The pictures included in this (free) R.J. Anderson piece on Baseball Prospectus really tell the story. With the Brewers, Axford was throwing his breaking ball from an almost abbreviated delivery. His hands broke far lower, his left knee only got as high as his belt and his left foot stayed parallel to the rubber. When throwing his fastball, his hands break at his chin, left knee comes up to his chest and his left foot torques behind the rubber. While these seem like somewhat subtle differences, major league hitters are incredibly good at picking up and exploiting nuances like this once they know what to look for. And in the era of advanced scouting and video, you can be sure that the opposing coaches and hitters knew what to look for.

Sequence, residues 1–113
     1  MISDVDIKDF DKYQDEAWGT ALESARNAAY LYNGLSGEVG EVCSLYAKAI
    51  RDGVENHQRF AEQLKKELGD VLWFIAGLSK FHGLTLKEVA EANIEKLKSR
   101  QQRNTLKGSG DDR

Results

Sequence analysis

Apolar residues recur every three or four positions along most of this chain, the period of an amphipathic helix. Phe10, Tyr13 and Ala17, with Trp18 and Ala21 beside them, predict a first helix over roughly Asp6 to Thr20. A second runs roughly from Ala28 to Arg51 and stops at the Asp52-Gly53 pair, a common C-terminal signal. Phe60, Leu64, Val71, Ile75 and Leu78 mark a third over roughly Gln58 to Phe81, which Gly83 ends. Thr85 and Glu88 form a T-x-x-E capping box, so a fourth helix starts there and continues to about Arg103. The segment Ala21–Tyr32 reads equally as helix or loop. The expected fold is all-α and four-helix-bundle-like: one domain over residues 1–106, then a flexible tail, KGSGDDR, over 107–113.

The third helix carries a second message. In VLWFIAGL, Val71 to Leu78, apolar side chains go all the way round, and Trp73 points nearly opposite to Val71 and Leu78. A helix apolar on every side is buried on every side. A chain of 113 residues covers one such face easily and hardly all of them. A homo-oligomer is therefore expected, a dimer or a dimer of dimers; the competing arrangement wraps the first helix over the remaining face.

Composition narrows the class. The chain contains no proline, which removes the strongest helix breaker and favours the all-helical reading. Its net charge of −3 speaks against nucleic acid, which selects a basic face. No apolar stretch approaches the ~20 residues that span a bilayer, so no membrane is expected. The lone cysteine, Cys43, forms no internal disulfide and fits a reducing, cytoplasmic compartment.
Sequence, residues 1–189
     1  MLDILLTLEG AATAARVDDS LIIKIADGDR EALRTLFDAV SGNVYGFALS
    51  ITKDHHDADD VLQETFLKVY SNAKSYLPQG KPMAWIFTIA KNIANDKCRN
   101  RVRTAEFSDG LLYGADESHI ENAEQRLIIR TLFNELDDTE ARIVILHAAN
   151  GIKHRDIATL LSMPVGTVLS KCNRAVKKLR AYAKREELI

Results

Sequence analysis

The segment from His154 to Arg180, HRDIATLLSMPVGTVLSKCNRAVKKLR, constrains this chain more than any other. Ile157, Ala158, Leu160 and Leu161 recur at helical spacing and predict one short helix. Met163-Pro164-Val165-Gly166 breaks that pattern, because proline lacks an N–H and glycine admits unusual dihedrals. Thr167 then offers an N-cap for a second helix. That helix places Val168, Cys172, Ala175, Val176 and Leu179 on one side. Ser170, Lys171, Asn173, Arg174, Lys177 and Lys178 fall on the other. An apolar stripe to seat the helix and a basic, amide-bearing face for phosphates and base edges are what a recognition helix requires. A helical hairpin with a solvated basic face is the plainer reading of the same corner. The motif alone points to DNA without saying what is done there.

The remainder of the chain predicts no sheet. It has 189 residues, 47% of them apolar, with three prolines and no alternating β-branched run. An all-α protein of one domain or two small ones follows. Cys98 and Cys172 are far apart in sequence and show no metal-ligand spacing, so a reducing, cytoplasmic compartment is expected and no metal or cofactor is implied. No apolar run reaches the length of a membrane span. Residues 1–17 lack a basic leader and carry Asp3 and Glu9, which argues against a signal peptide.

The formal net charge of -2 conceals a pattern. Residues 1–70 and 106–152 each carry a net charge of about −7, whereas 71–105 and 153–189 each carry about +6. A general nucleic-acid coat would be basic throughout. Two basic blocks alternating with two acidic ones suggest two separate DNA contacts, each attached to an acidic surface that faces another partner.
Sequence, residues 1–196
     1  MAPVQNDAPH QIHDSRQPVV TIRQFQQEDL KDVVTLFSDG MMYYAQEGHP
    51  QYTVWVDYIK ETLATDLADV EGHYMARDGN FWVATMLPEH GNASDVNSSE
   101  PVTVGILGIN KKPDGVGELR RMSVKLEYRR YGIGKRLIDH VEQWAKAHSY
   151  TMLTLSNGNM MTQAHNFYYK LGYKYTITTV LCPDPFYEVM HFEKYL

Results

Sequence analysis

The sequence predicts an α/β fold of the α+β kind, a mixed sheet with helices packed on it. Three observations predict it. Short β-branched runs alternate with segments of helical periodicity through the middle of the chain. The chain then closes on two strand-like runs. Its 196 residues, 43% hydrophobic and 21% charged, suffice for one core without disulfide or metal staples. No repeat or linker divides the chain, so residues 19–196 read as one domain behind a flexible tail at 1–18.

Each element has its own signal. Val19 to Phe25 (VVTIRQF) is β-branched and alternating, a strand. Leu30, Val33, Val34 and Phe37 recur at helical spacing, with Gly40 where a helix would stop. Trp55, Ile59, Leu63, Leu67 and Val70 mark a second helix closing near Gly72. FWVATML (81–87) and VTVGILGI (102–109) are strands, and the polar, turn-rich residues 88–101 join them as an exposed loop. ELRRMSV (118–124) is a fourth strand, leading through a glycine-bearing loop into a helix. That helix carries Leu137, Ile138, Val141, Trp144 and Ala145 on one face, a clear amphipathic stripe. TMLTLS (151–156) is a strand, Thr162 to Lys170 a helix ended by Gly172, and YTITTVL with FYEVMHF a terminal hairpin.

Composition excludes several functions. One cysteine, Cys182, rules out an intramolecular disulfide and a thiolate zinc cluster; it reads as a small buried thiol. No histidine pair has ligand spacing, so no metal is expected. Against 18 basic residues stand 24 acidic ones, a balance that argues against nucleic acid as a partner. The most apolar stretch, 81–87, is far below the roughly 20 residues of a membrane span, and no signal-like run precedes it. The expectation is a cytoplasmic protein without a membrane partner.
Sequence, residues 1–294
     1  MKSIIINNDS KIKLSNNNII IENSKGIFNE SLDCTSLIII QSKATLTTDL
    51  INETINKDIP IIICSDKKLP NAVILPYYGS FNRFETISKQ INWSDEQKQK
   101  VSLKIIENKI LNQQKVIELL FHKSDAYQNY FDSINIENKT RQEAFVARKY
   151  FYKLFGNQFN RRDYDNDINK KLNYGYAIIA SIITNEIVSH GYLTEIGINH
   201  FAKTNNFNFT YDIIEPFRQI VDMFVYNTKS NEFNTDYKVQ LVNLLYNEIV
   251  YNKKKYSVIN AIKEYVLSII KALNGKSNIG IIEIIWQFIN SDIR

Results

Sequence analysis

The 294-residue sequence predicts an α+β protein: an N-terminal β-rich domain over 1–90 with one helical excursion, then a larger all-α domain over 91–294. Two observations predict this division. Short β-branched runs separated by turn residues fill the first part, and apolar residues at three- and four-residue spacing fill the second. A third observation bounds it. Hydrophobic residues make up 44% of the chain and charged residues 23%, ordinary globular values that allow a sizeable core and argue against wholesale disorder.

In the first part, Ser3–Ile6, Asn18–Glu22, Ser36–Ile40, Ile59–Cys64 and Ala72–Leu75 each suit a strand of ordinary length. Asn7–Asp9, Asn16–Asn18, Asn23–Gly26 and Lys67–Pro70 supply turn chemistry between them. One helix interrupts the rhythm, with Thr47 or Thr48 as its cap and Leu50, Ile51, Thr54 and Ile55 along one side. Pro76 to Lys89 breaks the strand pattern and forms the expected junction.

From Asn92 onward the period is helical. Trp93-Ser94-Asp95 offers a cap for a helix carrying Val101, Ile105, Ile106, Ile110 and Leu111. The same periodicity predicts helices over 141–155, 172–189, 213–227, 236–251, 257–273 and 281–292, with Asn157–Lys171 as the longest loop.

Axford’s ERA+ in his breakout 2011 season was a dominant 202 (over 73 2/3 innings). His ERA+ as a Cardinal was a similar 217, albeit over a far smaller sample size. If Axford is even a decent closer, $4.5 million (or $6 million if he finishes 63 games in 2014) is a solid deal. If he returns to his 2011 self, it’s a flat-out steal. One thing to remember; Axford is a traditional slow starter, struggling in the month of April throughout his career. He has allowed a 6.28 ERA in 28 2/3 April innings, almost a full 3 runs higher than any other month. Indians fans can be fickle when it comes to their closers, so hopefully we can cut Axford a little slack even if he struggles out of the gate as an Indian. If his mechanics do regress to the point where he loses his delivery and/or starts tipping his pitches, I just so happen to have the solution to those problems. I like the Axford signing more and more as the offseason progresses, and think he’ll fit right in at the back end of the revamped Bullpen Mafia.